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Pac-12 Tournament: Three things we learned from Arizona's loss to Oregon

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Arizona, like many other times this season, dug themselves a hole too deep on Friday night

Kyle Terada-USA TODAY Sports

On Friday night, the Arizona Wildcats nearly snatched victory from the jaws of defeat. After trailing all game and even being down seven with just 20 seconds remaining, a wild sequence in the final second of the game sent the Wildcats and Ducks to an unlikely overtime. The Ducks had outplayed Arizona all game and led by as much as 17. But they nearly gave the game away as Arizona clawed back with more focused play and many missed Oregon free throws.

Forcing it to overtime wasn't enough though, as the Ducks would go on to win the game and eliminate the Wildcats from the Pac-12 Tournament.

We've touched on Arizona's inconsistencies all year, so, at this point, it's a given. They can't put together a solid 40 minutes against good teams. At times, they look like they can beat, literally, anyone in the country. At other times, they don't even look like they belong in the NCAA Tournament. They had a three minute stretch against Oregon at the end of the first half that they didn't even look like they belonged on the floor with Arizona State, let alone the class of the Pac-12.

It's been said all year -- inconsistencies are going to be what separates this Arizona team from reaching its potential. So, what are three other takeaways from last night's disappointing loss?

If and when Arizona loses in the NCAA Tournament, it will be painful.

After last weekend, I mentioned that this is the gutsiest Arizona team I can remember seeing. And they showed, yet again, last night, that there is no deficit too big and no opponent too good to hold them down. At the end of the first half, the Ducks looked like they were playing a video game with cheat codes. The Wildcats just fumbling all over themselves and the Ducks racing to the rim, trying to turn the game into their own, personal slam dunk contest. But Arizona, like so many times this season, battled back. They made it a game and after some absolute madness occurred, even had a chance to win the game by sinking two free throws with 0.4 seconds remaining. As you know, Mark Tollefsen made one of two, forcing overtime, only to watch Oregon win later on.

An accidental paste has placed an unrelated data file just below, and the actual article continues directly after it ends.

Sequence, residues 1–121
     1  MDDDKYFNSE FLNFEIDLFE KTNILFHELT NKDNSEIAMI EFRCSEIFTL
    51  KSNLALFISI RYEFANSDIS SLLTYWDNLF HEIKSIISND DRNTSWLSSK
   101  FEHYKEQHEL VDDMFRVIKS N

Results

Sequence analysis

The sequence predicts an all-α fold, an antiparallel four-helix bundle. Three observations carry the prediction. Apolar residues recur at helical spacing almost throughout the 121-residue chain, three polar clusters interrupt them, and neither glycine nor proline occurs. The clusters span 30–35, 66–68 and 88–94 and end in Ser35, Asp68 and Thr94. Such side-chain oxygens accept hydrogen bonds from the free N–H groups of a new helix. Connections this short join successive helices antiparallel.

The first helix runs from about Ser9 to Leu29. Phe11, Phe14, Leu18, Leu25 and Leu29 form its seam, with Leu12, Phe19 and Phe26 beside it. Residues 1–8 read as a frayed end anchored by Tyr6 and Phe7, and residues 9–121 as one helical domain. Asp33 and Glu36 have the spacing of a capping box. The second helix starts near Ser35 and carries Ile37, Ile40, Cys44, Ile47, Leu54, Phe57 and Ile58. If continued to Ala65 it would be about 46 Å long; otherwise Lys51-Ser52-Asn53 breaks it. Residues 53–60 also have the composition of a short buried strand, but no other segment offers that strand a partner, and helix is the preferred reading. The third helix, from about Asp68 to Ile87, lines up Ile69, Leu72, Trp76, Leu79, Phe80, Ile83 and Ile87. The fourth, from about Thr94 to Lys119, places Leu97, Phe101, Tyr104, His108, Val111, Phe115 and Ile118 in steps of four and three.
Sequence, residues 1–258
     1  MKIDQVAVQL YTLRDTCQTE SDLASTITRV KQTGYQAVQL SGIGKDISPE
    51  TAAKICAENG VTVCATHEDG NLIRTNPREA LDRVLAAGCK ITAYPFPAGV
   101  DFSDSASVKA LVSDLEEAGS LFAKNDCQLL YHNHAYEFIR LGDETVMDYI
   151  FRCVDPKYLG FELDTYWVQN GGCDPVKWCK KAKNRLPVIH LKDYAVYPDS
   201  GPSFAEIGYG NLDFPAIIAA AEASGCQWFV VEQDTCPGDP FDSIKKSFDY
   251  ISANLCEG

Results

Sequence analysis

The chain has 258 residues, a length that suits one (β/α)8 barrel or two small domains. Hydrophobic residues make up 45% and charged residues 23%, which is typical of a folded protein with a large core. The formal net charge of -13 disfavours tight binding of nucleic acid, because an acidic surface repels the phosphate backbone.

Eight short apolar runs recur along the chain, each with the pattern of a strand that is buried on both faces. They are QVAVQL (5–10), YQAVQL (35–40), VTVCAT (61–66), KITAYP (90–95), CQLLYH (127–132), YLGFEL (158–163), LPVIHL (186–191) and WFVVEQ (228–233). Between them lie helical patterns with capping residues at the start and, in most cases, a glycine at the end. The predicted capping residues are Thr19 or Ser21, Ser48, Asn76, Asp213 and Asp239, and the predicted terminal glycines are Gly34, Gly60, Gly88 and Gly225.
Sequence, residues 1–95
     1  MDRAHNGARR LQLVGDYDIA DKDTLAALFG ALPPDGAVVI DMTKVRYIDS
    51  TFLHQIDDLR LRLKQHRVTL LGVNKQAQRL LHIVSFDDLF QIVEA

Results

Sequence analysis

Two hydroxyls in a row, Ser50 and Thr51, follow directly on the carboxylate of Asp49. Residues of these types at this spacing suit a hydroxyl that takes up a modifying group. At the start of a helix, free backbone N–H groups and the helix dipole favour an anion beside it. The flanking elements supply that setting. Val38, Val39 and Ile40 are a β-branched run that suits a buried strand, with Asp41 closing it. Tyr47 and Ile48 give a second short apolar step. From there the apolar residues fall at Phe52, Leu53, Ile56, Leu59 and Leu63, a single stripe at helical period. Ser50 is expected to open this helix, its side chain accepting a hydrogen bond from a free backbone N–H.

I don't know what it is about this team. But, they have certainly shown an affinity for losing ultra-close games this season. In nearly every loss, Arizona has trailed big at one point. And then, suddenly, shots start falling. The defense gets stops. The guys the Wildcats need to make plays start making plays. And they'll get THIS close to stealing the game, but they fall just short.

Arizona's last four NCAA Tournament appearances have ended in heartbreak. The Jamelle Horne three that should have gone in against Connecticut in 2011. Ohio State's Laquinton Ross three in the final seconds against Arizona in 2013. The overtime thriller that ended in Nick Johnson not getting a shot off against Wisconsin in 2014. The Sam Dekker barrage in 2015.

Wildcat fans have gotten used to March heartbreak. This year will be no different. This is just a warning to everyone reading this -- I don't know if it will happen next week. Could happen the week after. But at some point on Arizona's journey to a National Championship, they'll get outplayed by someone and trail by double digits. And then they'll claw back. It's what they do. And it will be close at the end. Will the Wildcats win that game? The evidence we've got strongly suggests that the answer is no. And it's going to hurt.

Allonzo Trier should be the go-to guy in tough spots

When the Ducks hit Arizona with a figurative haymaker toward the end of the second half, it wasn't Arizona's seniors that looked calm, cool and collected. The Wildcats as a whole looked shaken, with the exception of one. That was freshman, Allonzo Trier. Trier continued to keep his head up and play his game. This speaks volumes of his competitive spirit. Trier fouled out with a few minutes left so he was on the bench for the crazy ending and all of overtime. Trier has been a phenomenal offensive player all year. One can't help but wonder how different the game would have turned out with him on the floor. Trier has shown so much poise and downright filthy skill. In the NCAA Tournament, with all due respect to Gabe York, I think Trier is the guy the Wildcats should lean on in shaky moments. Gabe York's crossover, step-back three that he leans on in big moments occasionally goes down. But Trier's all-around attack can keep Arizona in games and get opposing players in foul trouble.

The Wildcats seem locked in as a 5-seed.

If Arizona had beaten Oregon, they would have a win over a projected 2-seed. That would have helped Arizona greatly in terms of seeding. Now, the Wildcats are done playing before Selection Sunday. There are no more opportunities to impress the selection committee. So where does Arizona stand? Right now, we have Arizona as a 5-seed and they seem be locked in, with a slight chance of falling to a 6-seed, depending on how other conference tournament finish. Either way, it appears that Arizona will get one of the best mid-majors in the country in the first round as either an 11 or 12-seed. This is a wild season from top to bottom. It truly appears that anyone can beat anyone else on any given night. It will be interesting to see what supposed giant killer Arizona will be paired with.